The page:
In August, a parliamentary committee in the country recommended that the home ministry should ban all uses of virtual private network (VPN) in the country. However, doing so could be a very bad idea. Mint takes a look at the possible consequences:
What is a virtual private network?
A virtual private network, or VPN, is a way to obscure your identity on the Internet. Devices connecting to the Internet are all assigned an Internet Protocol (IP) address. This allows law enforcement agencies, service providers, etc., to identify the device and its location, thereby identifying the user. VPN services establish secure connections between a user and a server or service by routing the data through a remote server, or servers, and hence disguise the user’s identity. If these servers are placed in other countries, it can allow users to bypass blocking rules enforced by the government.
What is the rationale behind the ban?
A parliamentary committee had recommended the ban, citing the “technological challenge” posed by VPNs. It said the Dark Web and VPNs can bypass “cybersecurity walls” and “allow criminals to remain anonymous online”. It also noted that VPNs can be easily downloaded and many websites providing such facilities are advertising them. Hence, the committee recommended that the home ministry coordinate with the ministry of electronics and information technology (MeitY) to “identify and permanently” block such VPNs with the help of Internet Service Providers (ISPs).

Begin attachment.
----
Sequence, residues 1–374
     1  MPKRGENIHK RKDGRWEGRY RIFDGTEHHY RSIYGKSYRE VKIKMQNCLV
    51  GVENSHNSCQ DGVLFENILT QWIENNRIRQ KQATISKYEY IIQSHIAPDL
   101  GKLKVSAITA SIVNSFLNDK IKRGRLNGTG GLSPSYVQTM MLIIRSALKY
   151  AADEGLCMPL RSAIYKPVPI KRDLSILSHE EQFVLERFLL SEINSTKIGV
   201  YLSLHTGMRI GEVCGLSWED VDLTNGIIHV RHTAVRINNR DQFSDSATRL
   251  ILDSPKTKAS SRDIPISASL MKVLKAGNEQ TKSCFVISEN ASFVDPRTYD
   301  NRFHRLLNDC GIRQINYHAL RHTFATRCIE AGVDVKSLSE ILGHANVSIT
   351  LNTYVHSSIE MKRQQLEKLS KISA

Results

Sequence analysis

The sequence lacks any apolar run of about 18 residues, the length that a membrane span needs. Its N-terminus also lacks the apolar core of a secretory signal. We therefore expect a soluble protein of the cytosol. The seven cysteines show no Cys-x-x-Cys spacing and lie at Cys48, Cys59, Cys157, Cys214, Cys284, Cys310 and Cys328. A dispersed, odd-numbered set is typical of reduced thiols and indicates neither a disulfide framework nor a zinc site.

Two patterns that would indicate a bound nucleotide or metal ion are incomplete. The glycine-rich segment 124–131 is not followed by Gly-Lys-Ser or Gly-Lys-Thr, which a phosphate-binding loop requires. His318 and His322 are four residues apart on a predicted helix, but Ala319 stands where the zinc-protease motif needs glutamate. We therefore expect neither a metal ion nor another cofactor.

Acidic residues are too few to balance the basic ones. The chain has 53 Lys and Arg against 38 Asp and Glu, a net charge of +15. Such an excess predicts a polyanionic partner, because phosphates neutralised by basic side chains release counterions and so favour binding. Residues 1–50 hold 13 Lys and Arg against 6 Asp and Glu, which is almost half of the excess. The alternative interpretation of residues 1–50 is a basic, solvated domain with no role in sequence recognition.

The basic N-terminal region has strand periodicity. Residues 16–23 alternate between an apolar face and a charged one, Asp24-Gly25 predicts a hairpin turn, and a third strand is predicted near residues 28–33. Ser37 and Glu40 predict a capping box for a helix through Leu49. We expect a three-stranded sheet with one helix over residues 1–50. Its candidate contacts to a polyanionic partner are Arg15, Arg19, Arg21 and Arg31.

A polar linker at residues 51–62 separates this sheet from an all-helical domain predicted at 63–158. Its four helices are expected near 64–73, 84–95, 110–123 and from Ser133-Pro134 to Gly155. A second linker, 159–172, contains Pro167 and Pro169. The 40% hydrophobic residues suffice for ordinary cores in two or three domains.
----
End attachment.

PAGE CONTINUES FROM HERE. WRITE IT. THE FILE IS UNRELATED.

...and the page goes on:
Are VPNs the same as the Dark Web?
No. VPNs are usually used to access blocked websites on the open Internet. The Dark Web, on the other hand, is not part of the Internet that we access on a regular basis. Accessing the Dark Web requires something like TOR, short for The Onion Router, which is an anonymity network that has websites running on its own network. TOR sites use .onion extensions.
Do VPNs really make tracking impossible?
No. Essentially, the VPN service provider is a centralized entity which can still track what its users are doing. Many service providers encrypt traffic to offer more privacy to users, but there are more than enough examples worldwide of law enforcement officers tracking down criminals despite their using VPNs for their dirty work. In fact, even TOR has been broken. In 2013, the Federal Bureau of Investigation (FBI) shut down a dark web market-place called Silk Road, selling everything from drugs to humans, and made an arrest.
Why is banning VPNs a bad idea?
Other than consumer use cases of VPNs, these tools have huge implications for businesses. Almost any business that requires employees to access sensitive information, or even software that needs to stay within the company’s network, uses VPN. Corporates use VPNs to create an internal network that can be accessed by their employees even when they aren’t within the office premises, which is a very important use case under the current work-from-home conditions.
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